Marijuana enforcement audit, part two, reveals more messes -- and too much money
In March, state auditors gave the Medical Marijuana Enforcement Division a bad review for its ineffective tracking systems and delayed application processes. But that was only part one of a two-part report. The other half was released yesterday.
The second part of the audit had the same dismal view of medical marijuana enforcement, but this time focused on the shortcomings of the Colorado Department of Public Health and Environment (CDPHE) and Department of Revenue (DOR).
The department was shown to have few oversights when it came to monitoring physicians, caregivers and processing applications, has been collecting too much in fees and needs to update technology.
The report is almost ninety pages long, and gives recommendations to correct problems in three areas: regulation, program administration and fiscal management. Here are the audit's main points on each issue:
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The auditors found several issues regarding physicians issuing red cards. For the 106,000 MMJ patients currently on file, only a small number of doctors issued their referrals.
Below is a graphic which shows the average number of patients per physician in the country (the red line), and compares that with the top fifty physicians giving MMJ referrals.
Auditors also looked at several web advertisements for physicians, and found twelve made claims that indicated their medical evaluations would be genuine or objective. They claimed convenience for easy access to marijuana, said medical records were not necessary, offered refunds and guarantees, and showed that some dispensaries had on-site doctors. Much of this alludes to financial ties between dispensaries and physicians, which are prohibited.
The audit also had issues with physicians authorizing high plant counts, with one patient being recommended 501 plants (the typical is 6). More patients are also being referred to MMJ for severe pain, which the auditors say may be a cover for using the drug illegally.
The CDPHE has the ability to refer doctors to the medical board for further investigation, which it has -- but not since 2011.
Caregivers The report shows that caregivers are almost completely unregulated; they do not have to pass any sort of checks to become a caregiver, their names are almost impossible to gain by law enforcement officials, and they are not monitored to ensure that they are doing their job. Caregivers are also supposed to do more than just grow for patients; they are supposed to provide living assistance, which is something that is presumably not happening in most scenarios.
Auditors had several concerns regarding state employees dealing with confidential data. Only public health employees were supposed to be granted access to MMJ records, but they gave access to other agencies, including Colorado Health Emergency Line for Public Information, which had read only access to all registry data, Express Employment Professionals and Division of Central Services, which supplied temporary workers to handle increased workloads from 2010 to 2012, and the Governor's Office of Information Technology, which acts as the system administrator for the registry.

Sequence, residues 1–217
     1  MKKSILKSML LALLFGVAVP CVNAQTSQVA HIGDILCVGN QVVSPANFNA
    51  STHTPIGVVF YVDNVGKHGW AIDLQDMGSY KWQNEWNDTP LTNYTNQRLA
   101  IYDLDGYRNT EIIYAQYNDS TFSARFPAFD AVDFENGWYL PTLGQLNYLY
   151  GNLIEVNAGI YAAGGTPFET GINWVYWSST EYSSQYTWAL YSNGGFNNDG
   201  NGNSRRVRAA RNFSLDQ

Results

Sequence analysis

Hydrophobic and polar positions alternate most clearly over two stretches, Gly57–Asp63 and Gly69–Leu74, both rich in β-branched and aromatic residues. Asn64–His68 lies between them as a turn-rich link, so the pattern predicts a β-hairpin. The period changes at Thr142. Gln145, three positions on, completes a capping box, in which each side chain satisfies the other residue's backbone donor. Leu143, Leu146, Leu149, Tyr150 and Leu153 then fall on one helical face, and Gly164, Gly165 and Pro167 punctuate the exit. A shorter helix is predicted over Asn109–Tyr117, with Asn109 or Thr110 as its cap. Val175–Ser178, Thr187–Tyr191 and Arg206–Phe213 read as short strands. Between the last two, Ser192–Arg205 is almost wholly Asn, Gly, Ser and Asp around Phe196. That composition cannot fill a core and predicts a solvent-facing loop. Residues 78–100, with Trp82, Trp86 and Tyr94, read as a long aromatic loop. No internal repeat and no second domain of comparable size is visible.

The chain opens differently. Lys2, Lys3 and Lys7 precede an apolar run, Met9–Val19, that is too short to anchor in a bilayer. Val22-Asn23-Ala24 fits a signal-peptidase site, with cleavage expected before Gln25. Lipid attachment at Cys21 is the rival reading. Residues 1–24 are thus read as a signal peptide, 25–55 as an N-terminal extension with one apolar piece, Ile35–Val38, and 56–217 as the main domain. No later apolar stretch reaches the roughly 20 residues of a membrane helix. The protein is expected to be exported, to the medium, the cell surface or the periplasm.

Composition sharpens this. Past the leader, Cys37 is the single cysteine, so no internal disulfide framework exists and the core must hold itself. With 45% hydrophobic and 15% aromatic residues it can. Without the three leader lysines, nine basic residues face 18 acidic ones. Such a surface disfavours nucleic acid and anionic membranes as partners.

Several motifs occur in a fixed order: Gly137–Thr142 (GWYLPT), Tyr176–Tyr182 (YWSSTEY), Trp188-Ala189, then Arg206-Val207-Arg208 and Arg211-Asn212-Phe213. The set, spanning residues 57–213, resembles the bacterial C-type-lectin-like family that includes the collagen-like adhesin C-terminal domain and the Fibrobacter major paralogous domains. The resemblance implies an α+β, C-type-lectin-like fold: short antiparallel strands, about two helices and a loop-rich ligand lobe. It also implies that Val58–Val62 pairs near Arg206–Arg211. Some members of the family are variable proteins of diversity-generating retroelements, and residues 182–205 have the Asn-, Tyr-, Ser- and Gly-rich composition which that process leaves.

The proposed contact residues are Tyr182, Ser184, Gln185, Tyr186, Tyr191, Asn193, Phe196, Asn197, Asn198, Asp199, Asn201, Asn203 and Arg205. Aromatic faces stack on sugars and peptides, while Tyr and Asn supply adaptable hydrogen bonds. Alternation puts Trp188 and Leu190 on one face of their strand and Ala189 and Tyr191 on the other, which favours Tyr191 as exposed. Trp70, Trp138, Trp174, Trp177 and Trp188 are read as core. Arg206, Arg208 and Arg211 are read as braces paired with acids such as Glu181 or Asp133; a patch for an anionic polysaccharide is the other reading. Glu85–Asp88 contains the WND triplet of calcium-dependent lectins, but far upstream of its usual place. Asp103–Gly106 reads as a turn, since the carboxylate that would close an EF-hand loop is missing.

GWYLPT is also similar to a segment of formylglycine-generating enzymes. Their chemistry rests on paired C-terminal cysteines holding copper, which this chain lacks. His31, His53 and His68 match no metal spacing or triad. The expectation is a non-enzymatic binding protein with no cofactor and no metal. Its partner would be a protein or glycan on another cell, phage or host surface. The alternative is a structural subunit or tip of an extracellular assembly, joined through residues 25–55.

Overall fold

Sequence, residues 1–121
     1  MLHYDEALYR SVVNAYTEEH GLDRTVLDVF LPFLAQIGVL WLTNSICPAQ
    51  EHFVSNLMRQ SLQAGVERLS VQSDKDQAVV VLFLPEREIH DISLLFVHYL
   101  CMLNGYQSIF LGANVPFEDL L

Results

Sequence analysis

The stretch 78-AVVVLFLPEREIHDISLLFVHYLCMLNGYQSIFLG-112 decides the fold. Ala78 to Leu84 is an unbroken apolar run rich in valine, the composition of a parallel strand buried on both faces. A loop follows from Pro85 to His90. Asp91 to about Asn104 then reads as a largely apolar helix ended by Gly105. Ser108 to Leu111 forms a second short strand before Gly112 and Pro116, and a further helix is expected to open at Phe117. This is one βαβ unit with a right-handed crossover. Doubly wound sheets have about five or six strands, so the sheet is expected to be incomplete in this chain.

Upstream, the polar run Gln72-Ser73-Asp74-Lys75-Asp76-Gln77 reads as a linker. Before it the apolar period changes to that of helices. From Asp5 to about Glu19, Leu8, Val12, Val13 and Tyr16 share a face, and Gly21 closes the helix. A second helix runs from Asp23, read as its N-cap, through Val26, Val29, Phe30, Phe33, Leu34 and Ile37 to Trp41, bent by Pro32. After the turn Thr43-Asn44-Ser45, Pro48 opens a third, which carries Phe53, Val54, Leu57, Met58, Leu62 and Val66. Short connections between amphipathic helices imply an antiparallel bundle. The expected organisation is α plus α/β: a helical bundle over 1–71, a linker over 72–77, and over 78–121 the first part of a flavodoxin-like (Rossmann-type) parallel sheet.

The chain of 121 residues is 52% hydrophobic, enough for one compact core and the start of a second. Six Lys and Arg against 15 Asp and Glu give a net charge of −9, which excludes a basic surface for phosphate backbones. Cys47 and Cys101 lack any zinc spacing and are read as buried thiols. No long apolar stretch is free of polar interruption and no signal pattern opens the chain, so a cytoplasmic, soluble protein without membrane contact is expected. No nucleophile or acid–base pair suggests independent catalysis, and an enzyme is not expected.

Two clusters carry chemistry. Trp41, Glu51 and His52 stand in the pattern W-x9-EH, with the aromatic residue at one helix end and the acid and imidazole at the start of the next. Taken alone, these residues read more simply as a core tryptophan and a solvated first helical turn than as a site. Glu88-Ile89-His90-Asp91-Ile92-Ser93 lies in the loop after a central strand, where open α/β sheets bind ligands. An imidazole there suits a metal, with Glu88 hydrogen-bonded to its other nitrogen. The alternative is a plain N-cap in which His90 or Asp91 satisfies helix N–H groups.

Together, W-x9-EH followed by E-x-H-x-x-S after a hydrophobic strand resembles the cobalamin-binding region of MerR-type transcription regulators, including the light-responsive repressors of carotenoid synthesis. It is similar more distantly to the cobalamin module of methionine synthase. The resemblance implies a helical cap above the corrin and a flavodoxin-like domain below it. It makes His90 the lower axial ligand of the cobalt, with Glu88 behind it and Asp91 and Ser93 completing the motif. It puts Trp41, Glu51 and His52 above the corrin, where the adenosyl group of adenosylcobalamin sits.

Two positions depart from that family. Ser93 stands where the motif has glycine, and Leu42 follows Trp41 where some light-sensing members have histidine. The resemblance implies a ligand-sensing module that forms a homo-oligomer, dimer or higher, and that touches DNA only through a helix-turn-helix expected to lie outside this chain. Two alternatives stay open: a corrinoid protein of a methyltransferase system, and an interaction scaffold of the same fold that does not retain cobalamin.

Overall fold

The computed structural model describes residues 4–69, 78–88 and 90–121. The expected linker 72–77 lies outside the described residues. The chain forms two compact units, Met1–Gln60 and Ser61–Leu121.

The agency was also shown to have fifteen confidentiality breaches from 2009 to 2012. The breaches included sending patient information and red cards to wrong addresses, having the incorrect caregiver listed on a red card, exposing information to a public health employee that did not do work related to marijuana, and sending a spreadsheet with the names of all caregivers active in December 2012.
The database that holds the patient registry has false information and is not secure. According to the audit, 7 percent of the active records had false or missing information. There is also no way to look at any changes that have been made to an application -- according to state auditor Reed Larsen, this opens the system to fraud. While there have been no reported cases so far, Larsen says that it would be easy to change the name and birthdate on an application, print a red card and then change it back.
Both flaws could be prevented with technology upgrades.
Unlike the MED, which has a shortage of money, the CDPHE has an excess of money in the Medical Marijuana Cash Fund from application fees. The cash fund has seen significant growth, climbing from a year-end balance of $301,000 in 2009 to over $12 million last year. Which this over-abundance of cash may not seem like a problem, it violates state statutes: The cash fund is supposed to generate only enough money to support the services being provided.
There have been steps taken to correct this, but auditors say they were not enough. The application fee has gone down dramatically, from $110 in 2007 to the current $35, but according to the audit the CDPHE could run on its current fund for four years without charging any fees. Two legislative transfers have already moved money from the cash fund to the General Fund: $260,000 in 2009 and $3 million in 2010. There was also talk of using the excess money to fund technology upgrades.
"The department typically oversees facilities, not people," says interim director Karin McGowen in the CDPHE's defense. "We're normally not overseeing people and what they do and how they do it. It is a unique animal and we are learning as we are moving forward."
The audit report made a total of nine recommendations to fix the problems; the CDPHE and DOR agreed to at least try to carry them out.
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